COLUMN: John Docker - ‘Politicians are not helping matters’
Half way through the year already, where has it all gone? I do wish someone up there would put the brakes on– it’s too much for this oldie.
It wouldn’t be so bad if it had been rushing past because we were all having such a good time, but it seems there’s nothing but trouble and strife the world over, with Hong Kong the latest to join the dissident list.
As for this country, the lacklustre performance of politicians is not helping our own growing list of woes.
The backbiting continues apace with personal ambitions outweighing the greater good – if you’ll excuse that well-worn cliché.
It’s not surprising that we mere mortals are becoming more and more bewitched, bothered and blooming-well cheesed off. (I’d use a stronger word, but this is a family newspaper.)
My generation has experienced first-hand the horrors of war and the lingering threat of cold war, we have witnessed continuing conflicts throughout the world and the destruction of entire cities.
We have been horrified at the impact of global and home-grown disasters, such as earthquakes, tsunamis and flooding and at the on-going plight of third-world countries.
We have recoiled at the bestiality of far-flung regimes and terrorist organisations. Even with the best of good intentions and the march of technological progress, many of these problems still exist.
But somehow, in spite of the horrors around us, we were isolated in the warmth and security of living under the blanket of a democratic and peaceful society. But that’s all changing.
We have experienced major expressions of discontent before – many of them prolonged and painful to those involved.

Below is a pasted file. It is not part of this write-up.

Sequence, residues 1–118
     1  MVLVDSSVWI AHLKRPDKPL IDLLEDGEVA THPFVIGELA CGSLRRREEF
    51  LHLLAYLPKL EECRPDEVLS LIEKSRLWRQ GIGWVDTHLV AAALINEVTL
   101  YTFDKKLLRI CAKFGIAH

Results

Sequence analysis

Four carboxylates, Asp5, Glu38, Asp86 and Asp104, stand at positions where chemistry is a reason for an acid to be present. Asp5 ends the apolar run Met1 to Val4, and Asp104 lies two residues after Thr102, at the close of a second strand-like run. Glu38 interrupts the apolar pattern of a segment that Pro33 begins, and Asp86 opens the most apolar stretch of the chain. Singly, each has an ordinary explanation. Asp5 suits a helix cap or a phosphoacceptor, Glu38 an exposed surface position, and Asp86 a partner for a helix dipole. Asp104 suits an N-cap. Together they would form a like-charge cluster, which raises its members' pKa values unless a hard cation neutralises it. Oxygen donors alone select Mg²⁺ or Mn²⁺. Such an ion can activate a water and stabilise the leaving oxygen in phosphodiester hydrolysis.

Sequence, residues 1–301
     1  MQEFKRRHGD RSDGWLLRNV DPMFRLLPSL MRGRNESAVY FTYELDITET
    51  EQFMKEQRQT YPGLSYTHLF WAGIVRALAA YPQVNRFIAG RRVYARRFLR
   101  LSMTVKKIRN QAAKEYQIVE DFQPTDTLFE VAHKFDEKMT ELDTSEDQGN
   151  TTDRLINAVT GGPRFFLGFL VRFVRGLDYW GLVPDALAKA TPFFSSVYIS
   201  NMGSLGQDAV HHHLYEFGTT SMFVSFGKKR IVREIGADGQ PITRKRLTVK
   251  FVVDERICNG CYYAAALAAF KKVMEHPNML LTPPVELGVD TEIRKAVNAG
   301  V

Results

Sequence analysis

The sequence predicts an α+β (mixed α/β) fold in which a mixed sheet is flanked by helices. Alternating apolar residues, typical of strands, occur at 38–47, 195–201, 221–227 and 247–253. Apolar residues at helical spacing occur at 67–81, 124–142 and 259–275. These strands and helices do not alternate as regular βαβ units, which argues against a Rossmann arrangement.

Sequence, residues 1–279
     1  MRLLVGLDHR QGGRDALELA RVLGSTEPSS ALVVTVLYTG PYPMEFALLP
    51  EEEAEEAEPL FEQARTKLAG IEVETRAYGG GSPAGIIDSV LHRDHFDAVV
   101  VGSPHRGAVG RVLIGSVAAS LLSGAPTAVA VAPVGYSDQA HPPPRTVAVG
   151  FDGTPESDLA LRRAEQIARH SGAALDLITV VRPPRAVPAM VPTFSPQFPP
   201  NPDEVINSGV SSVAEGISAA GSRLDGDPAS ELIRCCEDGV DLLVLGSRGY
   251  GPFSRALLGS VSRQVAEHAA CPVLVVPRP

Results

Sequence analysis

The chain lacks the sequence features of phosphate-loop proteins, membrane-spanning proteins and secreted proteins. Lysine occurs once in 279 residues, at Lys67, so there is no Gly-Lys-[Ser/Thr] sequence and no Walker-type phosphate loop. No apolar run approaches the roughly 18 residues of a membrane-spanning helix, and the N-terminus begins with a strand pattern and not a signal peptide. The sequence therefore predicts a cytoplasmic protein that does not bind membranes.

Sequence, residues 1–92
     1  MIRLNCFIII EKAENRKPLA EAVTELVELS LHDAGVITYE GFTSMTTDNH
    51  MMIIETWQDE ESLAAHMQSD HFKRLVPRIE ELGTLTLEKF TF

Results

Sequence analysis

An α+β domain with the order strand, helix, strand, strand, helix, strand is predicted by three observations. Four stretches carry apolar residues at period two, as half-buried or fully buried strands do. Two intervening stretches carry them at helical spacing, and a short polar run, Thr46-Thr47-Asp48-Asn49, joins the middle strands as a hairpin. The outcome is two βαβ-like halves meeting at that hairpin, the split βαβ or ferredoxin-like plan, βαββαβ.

These have been largely specific grievances, such as the miners’ strikes but the mood seems to be intensifying, becoming more universal and with more widespread appeal.
The unthinkable act of revolution becomes ever-more a possibility.
It is no good half our politicians dismissing the thought and the other half encouraging it.
Jeremy Corbyn’s fairy-tale is catching – as his new-found popularity demonstrates – and, to younger generations, his unbelievable promises must sound most attractive – far more so than the wearisome reality of the Tories.
A recent report has revealed that one in seven people in Britain were not born here – having risen from one in 10 in a decade.
That must surely have an impact on our attitudes and tolerance as a race, so who knows what the ultimate influences might be.
And that’s not being racist, that’s waking up to reality.
Our politicians need to face up to the fact that the present system is no longer working adequately, providing new opportunities to dissidents and the disaffected.
It is in need of much more than a tinkering attention. We need governance using the best of all ideologies.
Lord knows if it could ever be achieved – that would be a miracle and they’re in rather short supply. But that’s up to you young folk to worry about.
Over to you with the soapbox.